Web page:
Mechanism of Key Cancer Target Revealed

Model of CYP17A1 incorporated into a nanodisc. The cytochrome P450 molecule is shown as a green cartoon representation, with heme presented in red sticks. The phospholipid bilayer is shown in orange with oxygen atoms in red, and the scaffold protein encompassing the lipid bilayer is shown as a blue cartoon representation.

New findings by Professor Stephen Sligar and colleagues have outlined the structural determinates of a chemical transformation that carries profound implications for the potential design of a mechanism-based inhibitors for the treatment of prostate cancer. The research is published in PNAS.

The human enzyme cytochrome P450 17A1 (CYP17A1) catalyzes the critical step in the biosynthesis of the male sex hormones. It is a key target for the inhibition of testosterone production that is necessary for the progression of certain cancers.

CYP17A1 catalyzes two distinct types of chemical transformations. The first is the hydroxylation of the steroid precursors pregnenolone and progesterone. The second is a different reaction involving carbon–carbon (C-C) bond cleavage, the mechanism of which has been actively debated in the literature. Using a combination of chemical and biophysical methods, Sligar and co-workers have been able to trap and characterize the active intermediate in this C-C lyase reaction, an important step in the potential design of mechanism based inhibitors for the treatment of prostate cancers.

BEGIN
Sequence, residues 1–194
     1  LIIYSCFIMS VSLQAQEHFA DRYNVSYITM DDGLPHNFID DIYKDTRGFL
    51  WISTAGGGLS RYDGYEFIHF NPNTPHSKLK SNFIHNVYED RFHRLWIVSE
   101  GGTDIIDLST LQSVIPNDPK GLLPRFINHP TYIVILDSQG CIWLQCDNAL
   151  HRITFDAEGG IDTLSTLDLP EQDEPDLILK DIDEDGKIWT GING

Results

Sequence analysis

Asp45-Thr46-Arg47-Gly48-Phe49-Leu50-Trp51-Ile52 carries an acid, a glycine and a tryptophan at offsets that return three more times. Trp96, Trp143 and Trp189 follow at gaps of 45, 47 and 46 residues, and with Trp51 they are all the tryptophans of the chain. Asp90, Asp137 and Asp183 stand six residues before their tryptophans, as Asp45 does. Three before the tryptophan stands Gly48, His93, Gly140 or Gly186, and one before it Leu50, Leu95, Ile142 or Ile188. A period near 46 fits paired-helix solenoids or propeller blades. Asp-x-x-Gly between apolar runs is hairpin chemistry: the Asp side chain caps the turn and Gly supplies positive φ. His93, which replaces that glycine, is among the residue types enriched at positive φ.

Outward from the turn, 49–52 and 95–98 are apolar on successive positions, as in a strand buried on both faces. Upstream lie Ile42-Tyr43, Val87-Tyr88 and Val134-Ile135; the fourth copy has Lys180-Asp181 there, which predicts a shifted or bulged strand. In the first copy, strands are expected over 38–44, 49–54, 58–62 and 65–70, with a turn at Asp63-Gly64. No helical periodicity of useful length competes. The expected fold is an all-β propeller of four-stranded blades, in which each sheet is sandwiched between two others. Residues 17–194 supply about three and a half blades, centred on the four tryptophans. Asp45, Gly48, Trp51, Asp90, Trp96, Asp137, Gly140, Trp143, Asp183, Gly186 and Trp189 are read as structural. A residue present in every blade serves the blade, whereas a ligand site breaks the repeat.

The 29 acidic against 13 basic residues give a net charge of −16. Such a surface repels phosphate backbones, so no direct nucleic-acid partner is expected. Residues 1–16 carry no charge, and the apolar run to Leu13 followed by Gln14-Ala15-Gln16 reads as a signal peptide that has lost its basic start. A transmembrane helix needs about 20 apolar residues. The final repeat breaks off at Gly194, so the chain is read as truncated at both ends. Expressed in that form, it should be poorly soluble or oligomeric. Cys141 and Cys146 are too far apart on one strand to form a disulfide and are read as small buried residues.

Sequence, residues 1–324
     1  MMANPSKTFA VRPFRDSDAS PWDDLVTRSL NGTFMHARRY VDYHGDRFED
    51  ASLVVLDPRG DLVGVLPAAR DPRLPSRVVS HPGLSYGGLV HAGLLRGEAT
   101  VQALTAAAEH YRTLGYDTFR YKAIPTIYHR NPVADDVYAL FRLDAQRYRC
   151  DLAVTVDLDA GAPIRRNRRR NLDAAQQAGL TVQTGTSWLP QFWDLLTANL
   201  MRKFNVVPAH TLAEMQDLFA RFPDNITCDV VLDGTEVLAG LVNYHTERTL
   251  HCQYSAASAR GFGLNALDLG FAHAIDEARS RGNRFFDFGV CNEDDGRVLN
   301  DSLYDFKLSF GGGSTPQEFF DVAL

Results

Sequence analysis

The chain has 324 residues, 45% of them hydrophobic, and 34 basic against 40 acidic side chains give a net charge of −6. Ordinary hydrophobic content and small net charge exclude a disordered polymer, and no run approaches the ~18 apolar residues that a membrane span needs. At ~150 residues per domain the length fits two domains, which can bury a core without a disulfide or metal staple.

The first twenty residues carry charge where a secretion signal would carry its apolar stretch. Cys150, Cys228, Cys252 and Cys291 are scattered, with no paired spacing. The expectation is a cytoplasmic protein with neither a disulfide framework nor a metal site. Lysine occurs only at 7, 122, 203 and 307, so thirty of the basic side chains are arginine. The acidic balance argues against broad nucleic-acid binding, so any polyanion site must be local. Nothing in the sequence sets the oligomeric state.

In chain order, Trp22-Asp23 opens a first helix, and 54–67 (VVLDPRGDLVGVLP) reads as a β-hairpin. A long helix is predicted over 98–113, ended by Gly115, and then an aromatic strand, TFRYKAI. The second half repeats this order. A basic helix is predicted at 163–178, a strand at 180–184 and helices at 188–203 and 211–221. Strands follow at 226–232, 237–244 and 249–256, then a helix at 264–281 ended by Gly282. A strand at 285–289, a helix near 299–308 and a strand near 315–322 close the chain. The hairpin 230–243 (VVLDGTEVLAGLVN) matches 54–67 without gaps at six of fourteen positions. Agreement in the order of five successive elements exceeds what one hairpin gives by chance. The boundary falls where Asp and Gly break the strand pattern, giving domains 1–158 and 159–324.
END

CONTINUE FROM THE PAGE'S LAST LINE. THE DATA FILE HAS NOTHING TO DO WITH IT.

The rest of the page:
The research was conducted with Piotr J. Mak and James R. Kincaid from the Department of Chemistry, Marquette University and Michael C. Gregory, Ilia G. Denisov, and Stephen G. Sligar from the Department of Biochemistry at Illinois. The work was funded by grants from the NIH.

January 11, 2016.